May 27, 2009

The Savage Garden by Mark Mills

The Savage Garden was not a bad crime fiction novel but did not have enough tension in the plot to keep me absorbed for a majority of the book. I found the second half better, although I probably read the book too much stop and start, contributing to my supposition of non-cohesiveness. Adam Banting, a young Cambridge student writing his thesis, is enticed to Tuscany to research the family garden of the Doccis...but as he delves into the mystery of the garden he uncovers, jealousy, adultery and murder in the Docci family. There is an underlying menace following Adam, as he progresses from discovery to discovery about the family garden (think grottos and statuary) and he must decide which is more important to him…the mystery of the garden…or the mystery of the Docci's secrets. In a lot of ways this book is more about the personal growth of the main character Adam Banting than the mystery of the garden. Adam Banting is a likeable but naive character who certainly has to grow up in a hurry...or at least learns lessons in betrayal, deception, love and truth or lie. I enjoyed all the prose about Dante's work of fiction Infereno and how it related or revealed the meanings of the garden. But I think my rating of 3.5 stars instead of four comes from the lack of emotional connection I had to the book. I was left a bit cold and I need to be absorbed in a story to truly enjoy it. My Rating: 3.5 Chapters Amazon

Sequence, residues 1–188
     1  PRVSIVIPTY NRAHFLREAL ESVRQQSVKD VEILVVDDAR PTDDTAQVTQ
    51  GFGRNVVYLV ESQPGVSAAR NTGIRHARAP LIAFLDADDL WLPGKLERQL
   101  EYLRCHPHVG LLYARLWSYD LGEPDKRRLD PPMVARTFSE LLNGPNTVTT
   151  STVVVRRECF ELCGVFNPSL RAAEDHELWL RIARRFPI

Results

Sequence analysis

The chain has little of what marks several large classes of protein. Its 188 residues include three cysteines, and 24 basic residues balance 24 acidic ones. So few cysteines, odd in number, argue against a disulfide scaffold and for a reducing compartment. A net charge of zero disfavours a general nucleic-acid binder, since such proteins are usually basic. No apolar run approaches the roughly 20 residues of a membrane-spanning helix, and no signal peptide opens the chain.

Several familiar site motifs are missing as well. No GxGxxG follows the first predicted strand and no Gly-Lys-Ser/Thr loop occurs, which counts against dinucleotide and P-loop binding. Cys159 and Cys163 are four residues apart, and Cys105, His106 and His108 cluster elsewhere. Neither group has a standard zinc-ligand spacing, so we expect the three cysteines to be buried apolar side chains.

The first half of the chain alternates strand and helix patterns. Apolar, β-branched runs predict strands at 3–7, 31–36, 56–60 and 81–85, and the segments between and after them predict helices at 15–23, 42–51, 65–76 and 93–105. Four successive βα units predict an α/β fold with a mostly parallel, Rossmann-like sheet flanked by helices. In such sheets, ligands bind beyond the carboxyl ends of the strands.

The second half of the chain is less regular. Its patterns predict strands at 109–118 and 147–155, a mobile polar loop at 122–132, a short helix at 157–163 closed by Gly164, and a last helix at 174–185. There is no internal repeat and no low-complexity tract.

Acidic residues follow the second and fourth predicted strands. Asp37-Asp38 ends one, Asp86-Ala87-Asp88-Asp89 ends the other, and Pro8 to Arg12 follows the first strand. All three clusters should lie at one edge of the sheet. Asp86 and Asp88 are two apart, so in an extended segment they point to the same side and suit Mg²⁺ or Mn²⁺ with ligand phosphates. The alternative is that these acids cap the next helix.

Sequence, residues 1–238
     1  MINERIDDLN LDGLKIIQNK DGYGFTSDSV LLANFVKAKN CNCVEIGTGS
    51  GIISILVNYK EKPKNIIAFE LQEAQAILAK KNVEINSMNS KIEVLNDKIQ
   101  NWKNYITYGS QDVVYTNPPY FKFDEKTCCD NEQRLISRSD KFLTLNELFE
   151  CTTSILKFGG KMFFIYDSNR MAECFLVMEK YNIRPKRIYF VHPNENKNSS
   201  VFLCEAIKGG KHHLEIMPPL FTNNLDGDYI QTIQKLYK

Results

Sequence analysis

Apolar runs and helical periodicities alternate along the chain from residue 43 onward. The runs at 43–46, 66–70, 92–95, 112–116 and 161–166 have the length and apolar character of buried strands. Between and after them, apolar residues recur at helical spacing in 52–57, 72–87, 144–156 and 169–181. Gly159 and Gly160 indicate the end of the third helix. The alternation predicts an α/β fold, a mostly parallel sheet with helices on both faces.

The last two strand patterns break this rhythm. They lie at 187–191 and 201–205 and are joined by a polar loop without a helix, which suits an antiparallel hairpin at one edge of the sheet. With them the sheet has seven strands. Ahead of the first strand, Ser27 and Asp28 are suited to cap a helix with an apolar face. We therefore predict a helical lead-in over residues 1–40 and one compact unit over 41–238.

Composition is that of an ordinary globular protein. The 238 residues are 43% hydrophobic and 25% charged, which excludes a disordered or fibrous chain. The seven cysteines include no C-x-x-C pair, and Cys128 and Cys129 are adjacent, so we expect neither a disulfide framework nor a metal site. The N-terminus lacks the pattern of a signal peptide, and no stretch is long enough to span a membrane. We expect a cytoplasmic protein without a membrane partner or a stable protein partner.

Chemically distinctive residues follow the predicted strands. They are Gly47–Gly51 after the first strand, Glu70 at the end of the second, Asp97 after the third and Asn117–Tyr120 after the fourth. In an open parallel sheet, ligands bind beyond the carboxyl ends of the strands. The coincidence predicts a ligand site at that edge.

1 comment:

  1. I, too, liked the discussion of deciphering the garden a lot. It reminded me of a class I took while I was studying in Tuscany about "Monsters and Mystics". We went to a really cool monster-ridden garden at Bomarzo.

    I was more engaged with the novel, but I really enjoyed your review. I've linked to it here!